With my grandfather’s threat that he’d swing for Geoffrey if he ever upset Irene still ringing in their ears. Their big day was the 31st of March 1959. That was also a Tuesday. Apparently, there used to be big tax incentives for doing it at the end of accounting periods back then. A reason my father often used to justify the whole affair.
Two years and five months of squeaky bed-springs later, I happened along and joined the family. I was born a meagre eighteen months after my older brother David.
It was eleven o’clock at night when the labour pains started for Mother. She was uncomfortably housed in the master bedroom of a two up, two down terrace house in Central Manchester.
Fortunately for her, Geoffrey knew just what to do…
He legged it straight out the front door of the house.
Mother obviously hadn’t heard him say anything about going for the doctor. She must have thought the daft sod had finally done one. But true to form, he returned shortly after with the family doctor and midwife in tow.
I was oblivious to any of the pain but by now, my Mother was in extreme agony.
Cocooned safely in the watery womb that had been my home for a full nine months, I must have decided I was better off in than out. And I decided I was staying put.
Eventually, after a great struggle, or what looked like ten rounds of no holds barred, all in wrestling. And my mother shouting for the midwife to go away (maybe a lot less politely than I have written). I made my very first bow into the universe. Born pretty much as earlier described.
Despite all the early drama, I weighed in at a respectable 7lbs 6oz.
At the time I was quite a bonny new born.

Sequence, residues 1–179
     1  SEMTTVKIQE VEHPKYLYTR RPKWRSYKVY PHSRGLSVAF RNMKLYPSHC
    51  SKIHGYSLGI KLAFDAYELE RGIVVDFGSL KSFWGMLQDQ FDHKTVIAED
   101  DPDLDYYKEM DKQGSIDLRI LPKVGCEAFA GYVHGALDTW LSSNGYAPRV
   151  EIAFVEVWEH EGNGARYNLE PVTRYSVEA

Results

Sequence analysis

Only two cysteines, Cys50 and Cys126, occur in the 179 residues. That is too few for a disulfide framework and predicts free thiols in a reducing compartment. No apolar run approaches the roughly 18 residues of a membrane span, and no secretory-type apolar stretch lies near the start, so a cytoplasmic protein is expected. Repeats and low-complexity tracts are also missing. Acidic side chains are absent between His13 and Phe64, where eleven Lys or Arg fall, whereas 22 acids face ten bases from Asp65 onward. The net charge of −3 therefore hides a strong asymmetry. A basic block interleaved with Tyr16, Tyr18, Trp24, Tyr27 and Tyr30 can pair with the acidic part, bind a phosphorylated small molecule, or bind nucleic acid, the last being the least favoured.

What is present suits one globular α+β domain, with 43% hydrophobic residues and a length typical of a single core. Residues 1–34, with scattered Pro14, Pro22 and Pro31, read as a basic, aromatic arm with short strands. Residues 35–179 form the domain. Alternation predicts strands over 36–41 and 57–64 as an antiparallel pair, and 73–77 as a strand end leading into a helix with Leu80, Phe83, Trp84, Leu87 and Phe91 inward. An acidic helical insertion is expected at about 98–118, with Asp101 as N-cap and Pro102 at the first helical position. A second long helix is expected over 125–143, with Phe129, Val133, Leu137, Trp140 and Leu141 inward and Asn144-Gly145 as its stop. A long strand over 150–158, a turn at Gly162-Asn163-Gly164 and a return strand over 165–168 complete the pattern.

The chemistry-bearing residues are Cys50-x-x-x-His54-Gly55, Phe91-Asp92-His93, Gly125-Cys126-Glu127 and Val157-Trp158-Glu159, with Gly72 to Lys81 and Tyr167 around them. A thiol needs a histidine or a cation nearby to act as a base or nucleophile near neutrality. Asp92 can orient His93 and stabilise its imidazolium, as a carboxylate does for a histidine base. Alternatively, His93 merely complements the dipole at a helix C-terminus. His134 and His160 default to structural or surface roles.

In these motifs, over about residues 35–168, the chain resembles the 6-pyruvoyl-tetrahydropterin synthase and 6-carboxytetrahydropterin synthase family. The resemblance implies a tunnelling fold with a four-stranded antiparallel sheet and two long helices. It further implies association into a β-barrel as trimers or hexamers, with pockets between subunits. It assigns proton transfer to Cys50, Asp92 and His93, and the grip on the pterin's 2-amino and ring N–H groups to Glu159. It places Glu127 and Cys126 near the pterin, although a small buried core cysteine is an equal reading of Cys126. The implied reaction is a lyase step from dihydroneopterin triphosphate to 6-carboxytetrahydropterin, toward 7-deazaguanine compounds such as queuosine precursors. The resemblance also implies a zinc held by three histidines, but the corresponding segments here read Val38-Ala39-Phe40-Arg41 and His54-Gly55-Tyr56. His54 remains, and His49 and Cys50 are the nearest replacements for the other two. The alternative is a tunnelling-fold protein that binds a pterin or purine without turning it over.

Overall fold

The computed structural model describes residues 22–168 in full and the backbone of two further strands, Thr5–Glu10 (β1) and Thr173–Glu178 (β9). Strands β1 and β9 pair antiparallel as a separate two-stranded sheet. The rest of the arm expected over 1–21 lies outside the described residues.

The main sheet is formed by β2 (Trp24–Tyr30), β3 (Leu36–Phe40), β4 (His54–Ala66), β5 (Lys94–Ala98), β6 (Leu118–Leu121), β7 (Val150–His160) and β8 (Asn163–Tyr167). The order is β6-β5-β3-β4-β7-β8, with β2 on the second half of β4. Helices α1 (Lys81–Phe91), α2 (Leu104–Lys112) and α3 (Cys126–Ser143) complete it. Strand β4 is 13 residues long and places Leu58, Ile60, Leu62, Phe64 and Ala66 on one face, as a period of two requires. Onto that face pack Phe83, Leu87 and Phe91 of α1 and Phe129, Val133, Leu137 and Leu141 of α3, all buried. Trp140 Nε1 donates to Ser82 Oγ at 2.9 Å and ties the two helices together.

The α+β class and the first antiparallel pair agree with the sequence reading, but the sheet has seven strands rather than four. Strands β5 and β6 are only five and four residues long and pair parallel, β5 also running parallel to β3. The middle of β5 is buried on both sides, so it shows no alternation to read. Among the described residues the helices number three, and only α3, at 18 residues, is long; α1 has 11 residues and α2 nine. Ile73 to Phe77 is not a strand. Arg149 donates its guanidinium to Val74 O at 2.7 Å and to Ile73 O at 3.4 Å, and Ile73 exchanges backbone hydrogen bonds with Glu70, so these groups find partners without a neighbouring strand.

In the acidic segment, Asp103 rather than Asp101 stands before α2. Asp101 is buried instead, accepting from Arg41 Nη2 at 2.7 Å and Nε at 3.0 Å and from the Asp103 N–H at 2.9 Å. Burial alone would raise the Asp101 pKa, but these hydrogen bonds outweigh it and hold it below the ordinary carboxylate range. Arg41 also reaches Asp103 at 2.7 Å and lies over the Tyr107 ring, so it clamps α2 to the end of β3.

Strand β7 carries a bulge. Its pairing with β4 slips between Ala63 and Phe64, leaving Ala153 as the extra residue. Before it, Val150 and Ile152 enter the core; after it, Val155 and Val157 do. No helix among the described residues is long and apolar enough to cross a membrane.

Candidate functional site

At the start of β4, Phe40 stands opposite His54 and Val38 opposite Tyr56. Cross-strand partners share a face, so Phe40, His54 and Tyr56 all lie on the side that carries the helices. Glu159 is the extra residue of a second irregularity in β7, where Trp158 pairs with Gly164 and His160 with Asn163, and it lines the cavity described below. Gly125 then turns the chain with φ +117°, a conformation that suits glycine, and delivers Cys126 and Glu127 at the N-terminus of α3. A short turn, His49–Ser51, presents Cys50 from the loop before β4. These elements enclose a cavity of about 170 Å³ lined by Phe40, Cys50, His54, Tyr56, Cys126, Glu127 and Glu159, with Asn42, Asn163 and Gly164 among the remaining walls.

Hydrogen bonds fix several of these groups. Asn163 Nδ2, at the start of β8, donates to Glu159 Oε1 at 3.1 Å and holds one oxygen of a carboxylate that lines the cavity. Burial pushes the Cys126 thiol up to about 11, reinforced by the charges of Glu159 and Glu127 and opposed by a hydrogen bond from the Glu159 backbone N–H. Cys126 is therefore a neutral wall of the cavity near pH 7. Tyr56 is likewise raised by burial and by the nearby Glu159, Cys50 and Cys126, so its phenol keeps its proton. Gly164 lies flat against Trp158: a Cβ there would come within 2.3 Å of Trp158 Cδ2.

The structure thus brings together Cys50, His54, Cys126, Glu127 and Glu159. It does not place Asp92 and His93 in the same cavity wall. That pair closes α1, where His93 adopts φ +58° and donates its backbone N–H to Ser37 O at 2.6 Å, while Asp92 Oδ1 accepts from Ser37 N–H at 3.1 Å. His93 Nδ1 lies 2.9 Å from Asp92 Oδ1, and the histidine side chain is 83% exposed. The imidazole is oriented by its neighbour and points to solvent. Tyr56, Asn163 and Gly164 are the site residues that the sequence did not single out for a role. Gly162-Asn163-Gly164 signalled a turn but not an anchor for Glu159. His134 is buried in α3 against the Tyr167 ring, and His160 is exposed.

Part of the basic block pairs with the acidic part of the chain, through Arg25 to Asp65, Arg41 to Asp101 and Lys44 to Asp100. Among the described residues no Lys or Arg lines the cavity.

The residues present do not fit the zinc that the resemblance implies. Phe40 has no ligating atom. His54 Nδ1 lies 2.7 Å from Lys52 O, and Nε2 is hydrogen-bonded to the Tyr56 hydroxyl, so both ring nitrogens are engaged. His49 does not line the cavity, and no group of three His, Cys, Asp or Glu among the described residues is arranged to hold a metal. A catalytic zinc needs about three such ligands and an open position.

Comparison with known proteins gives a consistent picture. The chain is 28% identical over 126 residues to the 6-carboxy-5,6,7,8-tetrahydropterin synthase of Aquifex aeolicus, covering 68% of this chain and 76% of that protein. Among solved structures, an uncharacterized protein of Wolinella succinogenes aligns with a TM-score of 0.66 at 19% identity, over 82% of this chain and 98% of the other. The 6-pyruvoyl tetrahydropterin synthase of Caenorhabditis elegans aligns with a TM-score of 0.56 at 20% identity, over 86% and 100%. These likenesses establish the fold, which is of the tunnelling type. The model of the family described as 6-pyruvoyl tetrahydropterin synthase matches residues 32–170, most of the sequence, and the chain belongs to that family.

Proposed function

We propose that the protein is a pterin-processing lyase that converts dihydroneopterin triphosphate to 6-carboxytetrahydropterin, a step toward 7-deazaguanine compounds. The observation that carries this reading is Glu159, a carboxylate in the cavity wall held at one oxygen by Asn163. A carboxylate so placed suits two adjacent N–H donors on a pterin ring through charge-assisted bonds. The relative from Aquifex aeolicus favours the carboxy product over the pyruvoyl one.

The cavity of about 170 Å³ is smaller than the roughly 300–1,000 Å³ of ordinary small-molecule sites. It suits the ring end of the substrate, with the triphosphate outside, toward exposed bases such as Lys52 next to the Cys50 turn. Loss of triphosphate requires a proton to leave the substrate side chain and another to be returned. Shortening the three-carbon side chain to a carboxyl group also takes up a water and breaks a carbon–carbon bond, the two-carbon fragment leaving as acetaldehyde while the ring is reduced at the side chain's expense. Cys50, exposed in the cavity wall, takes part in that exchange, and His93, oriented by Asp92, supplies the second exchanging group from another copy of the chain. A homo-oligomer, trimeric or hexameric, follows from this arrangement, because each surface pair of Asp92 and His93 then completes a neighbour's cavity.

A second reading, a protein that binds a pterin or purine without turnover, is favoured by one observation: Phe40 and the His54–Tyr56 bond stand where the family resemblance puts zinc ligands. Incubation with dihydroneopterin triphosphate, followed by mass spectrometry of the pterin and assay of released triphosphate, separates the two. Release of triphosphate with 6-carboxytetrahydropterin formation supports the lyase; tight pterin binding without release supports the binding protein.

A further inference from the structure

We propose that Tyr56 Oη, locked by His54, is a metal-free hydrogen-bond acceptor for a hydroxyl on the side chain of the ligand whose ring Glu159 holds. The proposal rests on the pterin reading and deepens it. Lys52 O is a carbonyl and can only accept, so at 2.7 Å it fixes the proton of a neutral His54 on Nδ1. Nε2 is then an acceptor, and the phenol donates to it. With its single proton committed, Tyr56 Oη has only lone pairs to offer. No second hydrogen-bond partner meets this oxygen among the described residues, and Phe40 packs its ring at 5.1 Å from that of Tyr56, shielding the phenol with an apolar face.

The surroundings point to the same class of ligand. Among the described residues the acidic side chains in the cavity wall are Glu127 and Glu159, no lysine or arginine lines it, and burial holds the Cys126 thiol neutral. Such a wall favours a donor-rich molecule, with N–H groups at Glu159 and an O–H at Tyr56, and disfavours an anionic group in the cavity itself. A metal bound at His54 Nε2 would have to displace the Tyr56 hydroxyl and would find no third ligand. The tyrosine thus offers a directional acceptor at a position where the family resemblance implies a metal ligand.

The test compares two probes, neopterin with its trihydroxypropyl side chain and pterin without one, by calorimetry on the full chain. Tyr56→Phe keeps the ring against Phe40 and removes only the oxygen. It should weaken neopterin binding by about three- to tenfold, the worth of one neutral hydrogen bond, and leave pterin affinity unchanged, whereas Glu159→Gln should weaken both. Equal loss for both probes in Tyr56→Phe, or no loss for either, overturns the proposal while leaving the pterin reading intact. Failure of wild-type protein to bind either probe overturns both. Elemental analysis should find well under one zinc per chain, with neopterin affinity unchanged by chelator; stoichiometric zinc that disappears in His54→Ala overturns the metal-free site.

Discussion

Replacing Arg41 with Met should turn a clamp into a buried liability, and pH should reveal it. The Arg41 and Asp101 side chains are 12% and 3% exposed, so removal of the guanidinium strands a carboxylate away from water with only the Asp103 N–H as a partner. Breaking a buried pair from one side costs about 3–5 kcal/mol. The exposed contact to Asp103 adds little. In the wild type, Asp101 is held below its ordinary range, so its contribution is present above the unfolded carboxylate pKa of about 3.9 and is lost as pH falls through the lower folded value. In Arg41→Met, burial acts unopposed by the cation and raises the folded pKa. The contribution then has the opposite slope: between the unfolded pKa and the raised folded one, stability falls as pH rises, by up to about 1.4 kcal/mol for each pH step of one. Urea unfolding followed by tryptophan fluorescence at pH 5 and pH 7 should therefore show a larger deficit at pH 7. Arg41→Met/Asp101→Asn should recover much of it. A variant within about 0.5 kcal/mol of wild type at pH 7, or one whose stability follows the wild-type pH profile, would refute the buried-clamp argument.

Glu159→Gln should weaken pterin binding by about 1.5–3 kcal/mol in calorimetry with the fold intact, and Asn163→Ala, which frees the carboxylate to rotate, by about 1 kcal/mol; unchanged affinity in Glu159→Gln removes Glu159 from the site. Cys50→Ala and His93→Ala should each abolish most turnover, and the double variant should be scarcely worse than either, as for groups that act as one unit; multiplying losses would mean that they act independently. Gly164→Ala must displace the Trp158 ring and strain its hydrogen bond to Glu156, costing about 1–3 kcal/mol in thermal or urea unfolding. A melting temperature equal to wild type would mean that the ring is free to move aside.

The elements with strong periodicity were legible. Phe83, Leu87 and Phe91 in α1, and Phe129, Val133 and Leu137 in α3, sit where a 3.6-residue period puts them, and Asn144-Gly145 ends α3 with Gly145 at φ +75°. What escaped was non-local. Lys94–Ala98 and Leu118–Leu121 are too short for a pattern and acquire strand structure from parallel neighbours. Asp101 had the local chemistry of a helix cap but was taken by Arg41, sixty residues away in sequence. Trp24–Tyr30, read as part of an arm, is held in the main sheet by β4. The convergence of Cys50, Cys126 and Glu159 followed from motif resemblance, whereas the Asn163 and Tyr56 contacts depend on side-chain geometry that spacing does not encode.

And mother later told me that even then, I was sporting a handsome pot belly. Unfortunately I’ve kept getting heavier and heavier. And truth be known, my present day weight is now one of the most closely guarded secrets on facebook.
When my hair finally arrived the strands were “as fair as fair could be”, mother would say. But they too have soon darkened to a naturally boring mousey dark-brown colour. And needless to say, even that colour is fast forwarding to a grey if not white.
But as the saying goes, “there are no fat dead folk – you’re just dead!” C’est la vie.
But back to the birth.
Apparently I was classed ‘normal’ (my mother had me tested ~ Sheldon Cooper). Mother looked down at me with nothing but love and admiration for her new born son (and who can blame her?).
However, my proud Father, with his droll Yorkshire wit, was a little less star struck. He was rumoured to have just said: “Put it on top of the wardrobe, love – it’ll come down when it’s ready.”
And that’s where I probably stayed while my two younger sisters Dawn and Caroline were later born.
In those days you didn’t have so called ‘new men’, mother’s brought up the children and the blokes went to work to bring home the bacon. (mmmmm bacon).
In fairness to the old man, he did nothing but his best for us all. We had a comfortable childhood, there wasn’t much that we wanted for. And he, along with my mother, are both still very much loved and yet sorely missed to this day.
And that my friends, brings us back to the present..
So here I am, Andy Robinson of Localad Services Handyman Assist.
Welcome to my latest, all new, all singing, all dancing, totally redrafted (born) Localad Services Handyman Assist website/blog whatsamajig. Where you can learn a whole lot more about me, myself, I, my lovely wife Jodie, our business and a whole lot more besides.
We welcome you to our world with fully outstretched arms and look forward to you coming aboard.
And finally, we look forward to us being of some form of assistance to you. In as many ways as possible.